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Building a breakthrough for Fairphone 2

Originally published at: https://www.fairphone.com/en/2020/06/18/fairphone-2-gets-android-9/

Software is the unsung hero of longer-lasting devices. Software updates slay bugs, shield you from viruses, and help protect you from the marauding hordes that want your personal data. To keep an old phone going, you want the most recent, most well-equipped operating system you can get.

Our goal is for your Fairphone to last as long as possible, well beyond the current average of buying a new phone every two years. The longer you can keep your phone, the smaller its environmental footprint. It’s why we’ve dedicated significant time and resources to providing Android updates for the Fairphone 2. And it’s why we’re so excited to announce today that the beta version of Android 9 is now available for Fairphone 2! To put into perspective how significant this announcement is, grab a hardhat and join me for a little tour of the Android 9 “construction site” here at Fairphone.

How Android houses are constructed

Let’s pretend that an Android operating system is a house. Android is released by Google through the Android Open Source Project in the form of source code. It’s like a set of blueprints, a foundation, and a frame, but the walls and the roof are missing.

Along comes a housing inspector – Qualcomm, in our case. Qualcomm wants phone manufacturers, their customers, to build Android phones with their chipsets. So they take the Android source code and add specifications for how to build walls and a roof that they think will make a nice safe house for their chipset, slightly different from the houses of other chipsets.

Next up is a neighborhood planner, a company – like Fairphone – that wants to build a phone with that Qualcomm chipset for its community. Fairphone takes the vendor’s Qualcomm version of the Android source code (which now includes specs for how to build the walls and roof), and lays the floors. We add a nice new coat of paint and then Android for Fairphone is ready for release!

 

Now it just needs to be maintained. Qualcomm and Google make improvements to materials, add spiffy new furniture, and provide new paint. But it is up to Fairphone to keep our house maintained and up to date. This is how we released and patched Android 5 and 6 on the Fairphone 2.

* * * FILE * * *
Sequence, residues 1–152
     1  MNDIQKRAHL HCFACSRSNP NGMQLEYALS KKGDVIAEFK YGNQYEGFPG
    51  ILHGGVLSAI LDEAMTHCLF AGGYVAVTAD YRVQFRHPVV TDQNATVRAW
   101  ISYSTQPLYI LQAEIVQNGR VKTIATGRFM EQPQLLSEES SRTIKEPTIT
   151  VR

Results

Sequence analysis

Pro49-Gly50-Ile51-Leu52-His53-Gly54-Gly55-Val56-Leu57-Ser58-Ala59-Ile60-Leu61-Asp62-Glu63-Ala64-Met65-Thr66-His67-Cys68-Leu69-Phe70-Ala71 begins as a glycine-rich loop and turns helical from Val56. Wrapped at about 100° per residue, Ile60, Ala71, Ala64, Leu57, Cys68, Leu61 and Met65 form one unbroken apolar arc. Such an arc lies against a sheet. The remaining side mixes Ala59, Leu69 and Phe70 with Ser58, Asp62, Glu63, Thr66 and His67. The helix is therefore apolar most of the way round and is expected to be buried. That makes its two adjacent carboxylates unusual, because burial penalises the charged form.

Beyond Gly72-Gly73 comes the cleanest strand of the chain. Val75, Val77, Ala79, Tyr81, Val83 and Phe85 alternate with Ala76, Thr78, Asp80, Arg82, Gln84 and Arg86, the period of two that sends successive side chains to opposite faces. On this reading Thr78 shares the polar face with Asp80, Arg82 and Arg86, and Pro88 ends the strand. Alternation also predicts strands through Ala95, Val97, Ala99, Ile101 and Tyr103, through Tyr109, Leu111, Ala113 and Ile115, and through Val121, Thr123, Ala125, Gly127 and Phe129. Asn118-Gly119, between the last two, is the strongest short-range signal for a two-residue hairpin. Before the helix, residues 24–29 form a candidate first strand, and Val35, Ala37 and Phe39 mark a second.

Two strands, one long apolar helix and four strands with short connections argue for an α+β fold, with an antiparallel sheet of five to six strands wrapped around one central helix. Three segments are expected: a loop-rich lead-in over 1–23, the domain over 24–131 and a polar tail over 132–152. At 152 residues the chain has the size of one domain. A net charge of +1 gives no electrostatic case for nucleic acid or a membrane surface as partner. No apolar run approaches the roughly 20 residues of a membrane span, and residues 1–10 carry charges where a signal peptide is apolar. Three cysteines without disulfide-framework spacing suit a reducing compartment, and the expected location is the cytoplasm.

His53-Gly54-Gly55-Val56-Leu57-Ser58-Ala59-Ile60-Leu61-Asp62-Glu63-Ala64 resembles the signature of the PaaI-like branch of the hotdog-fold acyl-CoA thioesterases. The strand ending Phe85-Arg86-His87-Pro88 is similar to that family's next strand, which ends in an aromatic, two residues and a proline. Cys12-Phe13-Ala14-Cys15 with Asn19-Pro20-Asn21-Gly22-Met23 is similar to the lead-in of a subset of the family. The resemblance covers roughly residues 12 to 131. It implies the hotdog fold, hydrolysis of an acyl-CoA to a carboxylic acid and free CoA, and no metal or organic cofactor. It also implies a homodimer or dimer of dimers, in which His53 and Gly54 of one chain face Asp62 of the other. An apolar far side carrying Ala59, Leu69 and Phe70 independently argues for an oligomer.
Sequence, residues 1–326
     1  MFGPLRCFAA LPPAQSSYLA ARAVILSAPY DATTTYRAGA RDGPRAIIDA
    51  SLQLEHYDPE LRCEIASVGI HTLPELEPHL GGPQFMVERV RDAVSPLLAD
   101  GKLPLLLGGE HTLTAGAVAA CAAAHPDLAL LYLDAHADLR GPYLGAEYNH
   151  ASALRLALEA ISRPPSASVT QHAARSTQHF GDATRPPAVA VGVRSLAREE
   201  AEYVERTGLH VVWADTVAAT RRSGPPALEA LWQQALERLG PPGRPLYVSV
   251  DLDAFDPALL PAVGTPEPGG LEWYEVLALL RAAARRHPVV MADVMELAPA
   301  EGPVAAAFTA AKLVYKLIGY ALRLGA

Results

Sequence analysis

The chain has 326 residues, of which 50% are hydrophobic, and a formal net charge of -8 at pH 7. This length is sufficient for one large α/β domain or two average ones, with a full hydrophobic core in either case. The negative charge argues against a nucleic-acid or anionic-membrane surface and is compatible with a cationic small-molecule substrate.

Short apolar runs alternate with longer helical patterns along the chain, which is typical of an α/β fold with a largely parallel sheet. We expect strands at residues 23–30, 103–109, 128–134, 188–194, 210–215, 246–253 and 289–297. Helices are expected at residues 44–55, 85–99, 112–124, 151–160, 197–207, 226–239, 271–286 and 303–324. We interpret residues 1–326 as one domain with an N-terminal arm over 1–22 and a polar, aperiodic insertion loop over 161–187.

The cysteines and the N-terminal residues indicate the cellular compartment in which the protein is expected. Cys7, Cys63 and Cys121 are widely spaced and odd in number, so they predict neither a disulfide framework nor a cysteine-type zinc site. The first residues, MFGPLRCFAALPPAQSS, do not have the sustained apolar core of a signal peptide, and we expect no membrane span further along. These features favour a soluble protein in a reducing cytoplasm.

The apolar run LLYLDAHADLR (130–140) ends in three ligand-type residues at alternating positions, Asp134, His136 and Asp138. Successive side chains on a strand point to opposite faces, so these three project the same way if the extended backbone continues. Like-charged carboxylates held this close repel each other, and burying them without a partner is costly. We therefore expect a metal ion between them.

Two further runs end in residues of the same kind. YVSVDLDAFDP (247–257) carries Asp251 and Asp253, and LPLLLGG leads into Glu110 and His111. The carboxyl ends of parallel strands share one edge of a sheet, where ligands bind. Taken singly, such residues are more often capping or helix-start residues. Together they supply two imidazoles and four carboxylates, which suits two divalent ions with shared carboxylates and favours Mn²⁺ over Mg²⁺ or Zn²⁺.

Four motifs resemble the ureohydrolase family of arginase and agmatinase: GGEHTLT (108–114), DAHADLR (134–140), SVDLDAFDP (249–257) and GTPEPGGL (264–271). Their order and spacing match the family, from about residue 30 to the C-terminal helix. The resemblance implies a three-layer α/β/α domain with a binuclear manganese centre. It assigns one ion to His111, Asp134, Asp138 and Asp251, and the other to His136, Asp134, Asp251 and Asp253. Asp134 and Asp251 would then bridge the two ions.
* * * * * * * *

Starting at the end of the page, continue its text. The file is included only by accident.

A crooked house

However, after Android 6, our chipset vendor Qualcomm stopped supporting the Snapdragon 801 chipset in the Fairphone 2. No more new furniture, no new termite treatments, and no replacement for any missing roof tiles or wood that starts to rot. Our Android 6 house couldn’t protect us from the elements anymore, and the blueprints for Android 7 didn’t even fit the foundations of the Qualcomm house. This is where software support for Android devices generally stops in the industry. And that’s at the core of the problem: deliberately shortened lifespans in the smartphone industry. This is something Fairphone is out to change.

The path we chose for Android 7 on our FP2 was that of the community-built LineageOS – a kind of alternate house based on a set of blueprints designed to be suitable for many neighborhoods, and executed in easier-to-find, local materials. It was complete, but we then had to modify it to comply with very specific requirements – like the approval testing for Google Mobile Services. Think of it as a house in which we needed to change the size of the doors so we could get some specific pieces of furniture in.

Our attempt to adjust an already-constructed house resulted in a less-than-perfect initial release of Android 7, but it worked. This was a unique achievement within the industry, making it an especially important milestone for Fairphone. This was moving our goal for longer-lasting devices another step in the right direction.

But now we’re facing the same challenges all over again. Once Android 7 isn’t maintained by Google anymore, Android 7 users will eventually be exposed to security and usability issues – leaky roofs, termites in the ceiling beams, and cracked basements. So it makes sense to try upgrading to a higher version of Android that is still actively maintained by Google.

Blueprints

Enter Android 9. After our learnings from Android 7, we knew that this time we wanted to build the house from the ground up, allowing full control all the way through.

Besides fixing user-facing issues we are working on acquiring Google certification, which is the biggest hurdle that we have yet to overcome. Because Qualcomm is no longer supporting the chipset in the Fairphone 2, we have to make Android 9 comply with all of Google’s requirements ourselves. This is a complex undertaking that pushes our engineering efforts to the limits. We’ve spent months laying brickwork, smoothing plaster and fitting windows. We’ve never built a house completely by ourselves before, and it took us a while to refine our blueprints! But by building a couple of rickety houses first, we learned so many valuable lessons; our current version is looking good and ready to enter the beta testing phase.